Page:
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Rex cetera ut orsus erat peragit

Orberg LLPSI Cap XLIII (again). Tullus is condemning Mettius for treason:

Centuriones armati Mettium circumsistunt. Rex cetera ut orsus erat peragit:

I'm perplexed by the sentence Rex cetera ut orsus erat peragit:

I can sort of deduct that Mettius gets up to speak but how does the Latin work? Here's my reasoning:

Rex (the king) cetera (whilst) ut (in order to? to? so that?) orsus erat (had arisen) continues:.... mmm

Cetera I think means 'at ...
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non magis

Dimicatum est enim non magis cum hostibus quam — quae dimicatio maior atque periculosior est — cum proditione ac perfidia sociorum.

This is from Orberg's LLPSI Cap XLIII. I'm pretty sure what it means but I'm just trying to get clear in my mind Orberg's explanation of '...non magis...' He explains as follows non magis… quam = non tam… quam. Now magis is a comparative adverb (magnopere, magis, maxime) meaning more or by a greater ...
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what grammar principle applies to this subjunctive?

I'm varying my reading a little, looking at Suetonius, "Divius Iulius," chapter X, the first sentence. Suetonius is recounting the deeds of the ambitious young aedile Julius Caesar.

Aedilis praeter Comitium ac Forum basilicasque etiam Capitolium ornavit porticibus ad tempus
extructus in quibus rerum copia pars apparatus exponeretur.


As aedile he besides the Comitium, the Forum and basilicias, even the Capitol he furnished with colonnades set up for a while for ...
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Romani! Si umquam ullo in bello fuit...

"Romani! Si umquam ullo in bello fuit quod primum dis immortalibus gratias ageretis, deinde vestrae ipsorum virtuti, hesternum id proelium fuit.

Romans! if ever there was in any war a reason you might do thanks first to the immortal gods and then to the courage of your own selves, yesterday's battle was it.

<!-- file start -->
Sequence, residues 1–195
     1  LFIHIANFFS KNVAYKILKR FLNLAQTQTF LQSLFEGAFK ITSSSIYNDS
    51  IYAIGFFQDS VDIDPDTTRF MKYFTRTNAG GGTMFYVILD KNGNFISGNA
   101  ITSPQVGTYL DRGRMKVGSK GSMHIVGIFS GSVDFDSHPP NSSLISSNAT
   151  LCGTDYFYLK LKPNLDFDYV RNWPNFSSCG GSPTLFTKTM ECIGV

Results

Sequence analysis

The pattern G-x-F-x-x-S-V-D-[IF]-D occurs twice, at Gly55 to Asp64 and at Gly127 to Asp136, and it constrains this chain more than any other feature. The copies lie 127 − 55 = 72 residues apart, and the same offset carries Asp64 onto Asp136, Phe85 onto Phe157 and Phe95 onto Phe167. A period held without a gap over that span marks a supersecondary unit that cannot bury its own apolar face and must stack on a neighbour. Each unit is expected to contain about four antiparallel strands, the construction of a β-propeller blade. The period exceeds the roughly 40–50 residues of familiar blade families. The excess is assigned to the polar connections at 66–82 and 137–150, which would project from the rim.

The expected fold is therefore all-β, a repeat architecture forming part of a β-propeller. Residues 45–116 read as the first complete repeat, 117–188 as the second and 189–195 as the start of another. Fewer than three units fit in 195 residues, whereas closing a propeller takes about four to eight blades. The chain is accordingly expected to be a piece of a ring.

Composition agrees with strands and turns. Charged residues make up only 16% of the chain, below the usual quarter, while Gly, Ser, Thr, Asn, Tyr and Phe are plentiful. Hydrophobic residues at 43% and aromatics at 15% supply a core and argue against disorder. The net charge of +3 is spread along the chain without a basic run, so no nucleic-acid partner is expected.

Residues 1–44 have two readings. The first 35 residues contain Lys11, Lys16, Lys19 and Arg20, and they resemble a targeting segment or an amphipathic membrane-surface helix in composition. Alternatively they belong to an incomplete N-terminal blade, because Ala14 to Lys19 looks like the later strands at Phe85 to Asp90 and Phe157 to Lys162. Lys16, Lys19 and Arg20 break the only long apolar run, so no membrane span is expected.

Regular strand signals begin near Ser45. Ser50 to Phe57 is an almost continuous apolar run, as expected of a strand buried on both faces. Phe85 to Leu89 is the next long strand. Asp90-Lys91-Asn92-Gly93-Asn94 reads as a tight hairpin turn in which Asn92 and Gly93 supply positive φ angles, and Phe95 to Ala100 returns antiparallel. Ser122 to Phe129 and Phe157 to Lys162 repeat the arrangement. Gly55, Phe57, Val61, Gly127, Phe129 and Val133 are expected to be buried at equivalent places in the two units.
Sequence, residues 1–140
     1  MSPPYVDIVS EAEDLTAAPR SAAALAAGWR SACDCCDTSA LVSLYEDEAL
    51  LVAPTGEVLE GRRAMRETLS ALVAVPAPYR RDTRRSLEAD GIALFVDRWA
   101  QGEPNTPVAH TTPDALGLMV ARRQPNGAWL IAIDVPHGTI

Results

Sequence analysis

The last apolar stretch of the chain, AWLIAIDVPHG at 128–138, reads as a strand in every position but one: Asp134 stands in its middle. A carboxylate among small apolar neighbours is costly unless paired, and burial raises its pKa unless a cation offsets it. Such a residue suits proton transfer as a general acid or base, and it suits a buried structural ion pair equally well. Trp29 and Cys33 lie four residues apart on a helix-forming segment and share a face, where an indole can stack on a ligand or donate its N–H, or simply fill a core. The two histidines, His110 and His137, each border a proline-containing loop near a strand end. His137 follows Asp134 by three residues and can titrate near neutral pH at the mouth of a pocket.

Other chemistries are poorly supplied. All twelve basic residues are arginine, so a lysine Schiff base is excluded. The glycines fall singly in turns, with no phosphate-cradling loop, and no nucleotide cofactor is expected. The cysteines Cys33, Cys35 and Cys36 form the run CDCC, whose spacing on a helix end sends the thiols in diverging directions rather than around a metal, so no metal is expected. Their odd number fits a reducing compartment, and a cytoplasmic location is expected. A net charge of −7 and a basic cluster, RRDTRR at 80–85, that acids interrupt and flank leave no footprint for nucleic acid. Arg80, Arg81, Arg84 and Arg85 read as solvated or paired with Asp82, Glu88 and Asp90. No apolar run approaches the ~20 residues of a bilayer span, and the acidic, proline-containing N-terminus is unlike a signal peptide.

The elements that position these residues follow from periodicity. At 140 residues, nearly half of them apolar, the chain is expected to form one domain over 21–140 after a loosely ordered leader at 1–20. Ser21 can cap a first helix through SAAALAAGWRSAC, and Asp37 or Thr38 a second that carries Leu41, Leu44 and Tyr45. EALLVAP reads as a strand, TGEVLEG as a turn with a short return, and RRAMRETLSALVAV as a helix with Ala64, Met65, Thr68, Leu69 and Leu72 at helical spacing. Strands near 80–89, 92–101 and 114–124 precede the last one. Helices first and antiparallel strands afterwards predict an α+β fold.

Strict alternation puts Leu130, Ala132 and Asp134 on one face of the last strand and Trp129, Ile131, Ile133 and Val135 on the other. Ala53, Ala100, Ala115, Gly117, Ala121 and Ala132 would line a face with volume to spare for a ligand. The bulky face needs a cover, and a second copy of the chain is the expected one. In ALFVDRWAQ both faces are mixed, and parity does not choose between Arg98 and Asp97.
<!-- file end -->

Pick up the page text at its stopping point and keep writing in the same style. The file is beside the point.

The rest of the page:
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Quomodo si - Isaiah 66:13

Quomodo si cui mater blandiatur, ita ego consolabor vos. As one whom the mother caresses, so will I comfort you.

What is si doing in this sentence? I'm assuming that it's to be taken in conjunction with quomodo, but I couldn't examples of that construction in Lewis and Short.
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Primo Romani qui Albanis proximi steterant mirabantur...

Couple of points for clarification here: It's Orberg LLPSI Cap XLIII

Tullus has just told his army in a way that will be heard by the enemy that he has ordered the treacherous Albani (led by Mettius) to attack the Fidenates from the rear. The text seems to say that he gave this order in such a way that the Fidenates could hear him - which I find perplexing. The enemy referred to in ...ut ...
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Ira vulgi Albani, quod tribus...

Ira vulgi Albani, quod tribus militibus fortuna publica commissa erat, ingenium dictatoris corrupit, et quoniam recta consilia haud bene evenerant, pravis consiliis reconciliare popularium animos coepit.

The anger of the Albani plebs, because the public fortunes had been spent by three soldiers, began to corrupt the mind of the dictator, and because clear thinking could hardly take place, began to turn the minds of the plebs towards evil thoughts.

Am I right in taking it ...
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Non tulit populus..

I've tried to render this translation as literally as I can. The nec...nec clause puzzled me a bit. My understanding of the grammar of this sentence rests on my view that tulit has two objects: lacramas and animum. Do I have that right?

Non tulit populus nec patris lacrimas nec ipsius parem in omni periculo animum, absolveruntque admiratione magis virtutis quam iure causae.

The people could neither bear the tears of the father nor the ...
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...qui se tam grave...


Hac lege duumviri creati sunt, iudices severissimi, qui se tam grave crimen neglegere posse non rebantur, et Horatium condemnaverunt. Tum alter ex iis "Publi Horati, tibi perduellionem iudico" inquit. "I, lictor, colliga manus!" Accesserat lictor iniciebatque laqueum collo.

I'm just a little unsure of '...se tam grave..' Is this making rebantur reflexive on the duumviri - as in they thought themselves unable to to ignore....?

Hence I would translate this as: ...
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obnubito and suspendito are fut. imperative - my understanding is that there can be a third person version of these. I was confused as I assumed that Tullus was addressing an order to a particular person or persons - but it seems he is not. He's speaking about the duties and powers of the Duumirii in the third person - do I have that right?

Horrenda legis verba haec erant: "Duumviri perduellionem iudicent. Si vincent, ...
Read more : Orberg LLPSI Cap XLIII | Views : 651 | Replies : 6


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